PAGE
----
Mother accused of manslaughter of teenage boy found in soiled nappy ' did not seem bothered' by son's death, court hears
A mother accused of manslaughter "did not seem to be bothered" by her son's death and reacted by asking police officers how much his funeral would cost, a court has heard.
Jurors at Leeds Crown Court were told how Dawn Cranston, 45, did not appear to react to her 18-year-old son's passing, and instead was concerned with getting refunds for the zimmer-frame and American food she had previously bought for him.
Giving evidence on Thursday, Bridget Shepherd from the Yorkshire Ambulance Service told how Mr Burling seemed "very very pale and very emaciated" when an ambulance arrived at his home in Farnley, Leeds, on June 30 2016, and claimed he went into a cardiac arrest minutes later.
Discussing his mother's reaction to her and her colleagues performing CPR on him, the witness said: "She did not seem to be bothered about what was going on. She did not seem to be in shock."
Despite paramedics spending around 50 minutes trying to revive him, Mr Burling passed away as a result of acute bronchopneumonia which, according to Mr Lumley, resulted from his family's failure to adaquately care for him.
The teenager's mother is on trial accused of manslaughter, as is his grandmother, Denise Cranston, 70, and his 25-year-old sister Abigail Burling.
The trio, who were supposedly all responsible for Mr Burling's care, also deny an alternative count of causing or allowing the death of a vulnerable adult.
Taking questions from the prosecution, Police Constable Ben McNamara claimed the first thing that the mother asked him when he arrived at her home - the scene of her son's death hours earlier - was: "How much does a funeral cost?"
"It seemed like a strange thing to say at such a tragic time, and I was surprised by everybody's emotion towards the death at the time", the witness said.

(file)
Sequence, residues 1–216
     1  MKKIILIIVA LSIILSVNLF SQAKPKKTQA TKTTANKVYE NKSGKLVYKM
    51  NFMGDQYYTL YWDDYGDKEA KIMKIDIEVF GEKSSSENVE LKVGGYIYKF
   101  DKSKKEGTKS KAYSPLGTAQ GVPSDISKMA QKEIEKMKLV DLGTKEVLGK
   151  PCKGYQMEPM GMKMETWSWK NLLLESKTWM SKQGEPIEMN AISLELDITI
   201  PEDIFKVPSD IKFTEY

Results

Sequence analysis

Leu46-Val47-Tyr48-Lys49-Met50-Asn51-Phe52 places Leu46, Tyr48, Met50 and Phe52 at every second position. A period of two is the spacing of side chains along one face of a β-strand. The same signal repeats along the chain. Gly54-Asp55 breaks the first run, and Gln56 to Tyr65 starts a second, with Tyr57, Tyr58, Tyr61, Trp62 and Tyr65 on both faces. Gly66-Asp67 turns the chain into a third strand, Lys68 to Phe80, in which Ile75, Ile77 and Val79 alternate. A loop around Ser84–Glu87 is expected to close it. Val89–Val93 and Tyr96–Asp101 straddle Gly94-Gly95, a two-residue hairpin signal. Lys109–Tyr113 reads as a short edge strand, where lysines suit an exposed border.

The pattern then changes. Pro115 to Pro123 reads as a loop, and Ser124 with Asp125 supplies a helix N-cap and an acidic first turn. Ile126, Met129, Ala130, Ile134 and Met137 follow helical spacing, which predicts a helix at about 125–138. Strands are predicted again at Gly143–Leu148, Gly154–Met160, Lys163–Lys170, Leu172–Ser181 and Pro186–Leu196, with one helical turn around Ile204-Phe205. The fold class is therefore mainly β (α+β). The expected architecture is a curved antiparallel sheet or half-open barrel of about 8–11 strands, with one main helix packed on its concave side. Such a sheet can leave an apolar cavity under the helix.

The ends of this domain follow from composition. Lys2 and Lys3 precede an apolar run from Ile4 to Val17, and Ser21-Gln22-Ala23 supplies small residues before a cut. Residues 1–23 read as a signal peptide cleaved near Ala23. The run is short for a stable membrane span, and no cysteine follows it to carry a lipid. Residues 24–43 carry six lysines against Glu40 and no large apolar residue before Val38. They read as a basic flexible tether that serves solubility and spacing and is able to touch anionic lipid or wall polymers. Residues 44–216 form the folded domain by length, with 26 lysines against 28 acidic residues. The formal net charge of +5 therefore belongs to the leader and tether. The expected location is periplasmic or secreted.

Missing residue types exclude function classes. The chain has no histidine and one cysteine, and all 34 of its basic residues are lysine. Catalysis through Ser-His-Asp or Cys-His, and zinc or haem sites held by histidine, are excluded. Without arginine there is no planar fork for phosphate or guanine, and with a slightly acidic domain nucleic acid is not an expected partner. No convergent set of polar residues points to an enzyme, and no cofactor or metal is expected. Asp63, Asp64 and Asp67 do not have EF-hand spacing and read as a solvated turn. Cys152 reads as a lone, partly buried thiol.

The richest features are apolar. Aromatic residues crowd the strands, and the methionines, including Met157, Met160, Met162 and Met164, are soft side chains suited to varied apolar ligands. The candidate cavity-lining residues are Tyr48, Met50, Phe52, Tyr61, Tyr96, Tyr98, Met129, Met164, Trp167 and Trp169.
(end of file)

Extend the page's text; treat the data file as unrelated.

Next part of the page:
Mr McNamara also claimed that Dawn Cranston told him that she was not aware she was pregnant with Mr Burling until the point of childbirth, and got the impression that the three defendants each had "some sort of learning difficulty or mental health issue".
The court also heard from Mr McNamara's colleague, PC Emma Robson, how the deceased's mother seemed concerned about how she would get refunds for "American food" and a zimmer-frame she had purchased for him.
She told jurors: "One thing that really stuck out, because it seemed so out of place, was Dawn Cranston saying: 'I used to be able to say I had a son and a daughter, now I can only say that I have a daughter'."
Ms Robson also said she overheard Abigail Burling telling her mother: "Oh no mum, he will be gutted that he missed the Nerf guns, they will be in Happy Meals soon."
On Wednesday, Mr Lumley told jurors Dawn Cranston had admitted a count of endeavouring to conceal the birth of a child, after officers searching her home discovered bags containing a "rancid smelling liquid" and her baby son's bones.
It is not known whether the baby was born stillborn, but prosecutors claim the incident reflects the defendant's "propensity for failing to care for children".
The trial, which is expected to last between five and six weeks, continues on Friday.